High school teacher Dawne Wesson's wistful letter longing for a cafe like Rick's in "Casablanca," where she could talk against a background of soft music, has brought several responses, pro and con.
Back in the 1940s and 1950s, she recalled, "a romantic, dimly lit and quiet bar seemed the best of all possible worlds." That world has been wiped out by loud music.
"I take issue with you," writes Virginia Taylor of Granada Hills, "when you say, 'I doubt that very much can be done.' I think something can be done. In most places you are not forced to breathe tobacco smoke any more. . . ."
"Why must everything be amplified?" asks Lee Soskin. "I clearly remember seeing Blanche Thebom in recital many years ago at the old Philharmonic Auditorium. This diminutive figure stood on the huge stage and filled the auditorium with her glorious voice, and there was no amplification other than the good acoustics."
Robert L. Otto says his ears "are ringing" from an otherwise pleasant wedding reception. "At our table for eight it was impossible to carry on any of the normal conversation that takes place on such occasions."
Otto said he was reminded of the 5-inch anti-aircraft guns he heard as a flier in World War II.
Helen Colton sends a sheaf of letters she has written to hotels, restaurants and stores complaining about loud noise. "We ought to be as angry and militant about the 'slipstream' effect of others' music as we are about the 'slipstream' effect of others' smoking," she says. "Both can shorten our lives."
Nann Miller, of Nann Miller Public Relations, says the conflict arises from a misconception of "what they want." She says she tried to persuade the Hyatt Regency (a client) to turn their Angel's Flight bar and restaurant into "a romantic room with dancing and soft music."
But she points out: "You sit at meetings and the managers who are in their 30s say, no one wants it. At the boring dinners you mention, those who arrange them hate the bands and music they choose. They are afraid that since the world seems to be tuned to this trash, they must provide it."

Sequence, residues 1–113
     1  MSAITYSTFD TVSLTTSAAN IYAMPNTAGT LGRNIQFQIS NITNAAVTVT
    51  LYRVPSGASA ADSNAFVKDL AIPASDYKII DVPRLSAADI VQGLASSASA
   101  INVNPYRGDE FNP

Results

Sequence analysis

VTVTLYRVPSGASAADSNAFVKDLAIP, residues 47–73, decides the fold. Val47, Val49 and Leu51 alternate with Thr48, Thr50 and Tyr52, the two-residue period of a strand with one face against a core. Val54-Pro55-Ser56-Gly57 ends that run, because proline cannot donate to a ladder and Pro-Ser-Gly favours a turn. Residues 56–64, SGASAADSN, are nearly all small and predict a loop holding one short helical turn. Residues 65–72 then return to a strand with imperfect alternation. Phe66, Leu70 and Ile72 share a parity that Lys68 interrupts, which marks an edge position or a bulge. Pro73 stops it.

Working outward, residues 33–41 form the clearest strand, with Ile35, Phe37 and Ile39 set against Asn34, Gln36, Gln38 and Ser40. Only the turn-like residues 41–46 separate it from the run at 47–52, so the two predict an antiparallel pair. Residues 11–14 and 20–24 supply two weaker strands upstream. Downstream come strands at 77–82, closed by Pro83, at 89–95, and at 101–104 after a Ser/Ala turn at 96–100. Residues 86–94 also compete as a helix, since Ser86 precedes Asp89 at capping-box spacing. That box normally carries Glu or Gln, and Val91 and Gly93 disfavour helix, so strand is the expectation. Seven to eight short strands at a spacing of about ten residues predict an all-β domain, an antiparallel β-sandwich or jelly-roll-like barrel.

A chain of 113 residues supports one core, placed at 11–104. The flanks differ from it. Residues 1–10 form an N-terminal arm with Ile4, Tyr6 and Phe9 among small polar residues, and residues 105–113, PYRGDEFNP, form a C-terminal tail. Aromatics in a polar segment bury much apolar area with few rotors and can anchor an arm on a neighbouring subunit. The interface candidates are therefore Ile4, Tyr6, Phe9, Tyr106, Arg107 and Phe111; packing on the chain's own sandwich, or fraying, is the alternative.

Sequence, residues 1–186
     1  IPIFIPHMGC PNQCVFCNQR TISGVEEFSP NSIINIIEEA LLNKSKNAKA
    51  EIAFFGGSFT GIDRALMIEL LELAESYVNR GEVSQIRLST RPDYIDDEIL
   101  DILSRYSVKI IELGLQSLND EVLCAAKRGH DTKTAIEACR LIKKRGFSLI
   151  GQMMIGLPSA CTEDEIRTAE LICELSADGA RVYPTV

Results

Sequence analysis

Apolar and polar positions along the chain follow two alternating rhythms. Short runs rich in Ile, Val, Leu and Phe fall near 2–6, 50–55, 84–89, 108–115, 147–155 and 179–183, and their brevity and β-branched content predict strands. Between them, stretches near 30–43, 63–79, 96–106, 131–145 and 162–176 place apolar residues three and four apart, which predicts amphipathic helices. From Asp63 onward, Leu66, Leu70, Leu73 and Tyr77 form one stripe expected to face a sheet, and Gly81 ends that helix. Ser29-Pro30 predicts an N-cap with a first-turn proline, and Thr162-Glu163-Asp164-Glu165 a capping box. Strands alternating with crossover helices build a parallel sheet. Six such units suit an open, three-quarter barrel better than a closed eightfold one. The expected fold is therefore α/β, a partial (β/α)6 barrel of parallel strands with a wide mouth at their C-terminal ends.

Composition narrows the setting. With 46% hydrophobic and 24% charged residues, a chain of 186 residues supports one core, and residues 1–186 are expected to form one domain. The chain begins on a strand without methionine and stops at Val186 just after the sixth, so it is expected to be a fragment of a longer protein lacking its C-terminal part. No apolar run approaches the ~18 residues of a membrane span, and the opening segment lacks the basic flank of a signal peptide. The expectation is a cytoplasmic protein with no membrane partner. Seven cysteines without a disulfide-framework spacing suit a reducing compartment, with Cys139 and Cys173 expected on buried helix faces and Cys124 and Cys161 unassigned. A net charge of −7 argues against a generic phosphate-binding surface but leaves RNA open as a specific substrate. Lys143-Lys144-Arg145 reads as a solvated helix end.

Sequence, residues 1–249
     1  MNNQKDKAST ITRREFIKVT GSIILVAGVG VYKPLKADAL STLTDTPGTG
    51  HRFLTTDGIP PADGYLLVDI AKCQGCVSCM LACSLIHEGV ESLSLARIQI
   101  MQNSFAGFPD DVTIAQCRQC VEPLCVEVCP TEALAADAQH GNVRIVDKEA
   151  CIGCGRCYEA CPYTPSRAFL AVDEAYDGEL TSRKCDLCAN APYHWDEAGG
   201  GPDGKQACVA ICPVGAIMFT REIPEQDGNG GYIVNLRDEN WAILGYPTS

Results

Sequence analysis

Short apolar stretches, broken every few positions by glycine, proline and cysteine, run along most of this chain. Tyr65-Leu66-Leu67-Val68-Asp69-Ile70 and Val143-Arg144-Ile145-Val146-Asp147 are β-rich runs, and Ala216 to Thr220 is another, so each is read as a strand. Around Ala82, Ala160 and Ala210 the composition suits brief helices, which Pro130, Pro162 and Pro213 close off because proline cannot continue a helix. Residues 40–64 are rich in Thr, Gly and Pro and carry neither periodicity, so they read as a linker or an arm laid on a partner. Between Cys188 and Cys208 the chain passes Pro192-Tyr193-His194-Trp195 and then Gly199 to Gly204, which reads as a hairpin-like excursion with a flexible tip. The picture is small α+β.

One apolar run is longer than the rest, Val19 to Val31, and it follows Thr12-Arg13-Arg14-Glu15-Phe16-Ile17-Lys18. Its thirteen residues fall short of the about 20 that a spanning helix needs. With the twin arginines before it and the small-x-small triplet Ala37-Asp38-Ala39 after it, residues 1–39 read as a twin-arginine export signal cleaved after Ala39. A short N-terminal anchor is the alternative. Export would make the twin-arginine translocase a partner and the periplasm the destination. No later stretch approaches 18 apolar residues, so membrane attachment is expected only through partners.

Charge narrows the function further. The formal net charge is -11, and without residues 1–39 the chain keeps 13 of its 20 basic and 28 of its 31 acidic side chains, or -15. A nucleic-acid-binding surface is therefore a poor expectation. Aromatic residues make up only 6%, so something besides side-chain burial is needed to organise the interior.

Alan Gilbert agrees with Ms. Wesson in condemning "the overwhelming noise she finds in places that were once havens offering brief respites from the world," but he is annoyed by her complaint about noisy "game shows hosted by inane morons and airhead-contestants. . . ."
"I've been writing and/or producing game shows since radio days (the original 'Break the Bank') to now ('Let's Make a Deal') and I haven't yet come across an inane moron who could emcee a show. Nor have I come across an air-headed contestant who was knowingly selected to appear on a show. . . ."
"Baron" Ron Herron of KIST, Santa Barbara, says I am both right and wrong. "You are right when you say most bands are too loud when they play at a banquet or social event. You are wrong to imply that they should leave their amplifiers at home, since to do so would mean you could hear nothing!
"We have 10 DJ's that go out every weekend, booked as entertainment at wedding receptions, class reunions, birthdays and private parties. Our standing rule is this: Play the music so it can be heard in the rear of the room, but not so loud that folks sitting near the speakers have to shout to carry on a conversation. . . ."
I certainly go along with that.
He goes on: "How often we have been hired to play at a private function, by someone approaching (or definitely entrenched in) senior citizen status, only to be told, once we got started, to 'Turn it down!' "
Herron says he has a theory about the tolerance of different age groups for decibels: " Everyone reaches the 'cut-off' stage . . . usually between 30 and 45 . . . when they don't like high or even moderate volume, and they also 'turn off' to all new music, whatever it may be. . . ."
Herron says he has tested his theory on a 70-year-old supervisor who admits that when he was young his parents used to yell, "Turn that Glenn Miller crap down!" "(To them) that big band stuff was just noise , unlike the great Steven Foster songs from years earlier. . . ."
Ah, when you and I were young, Maggie.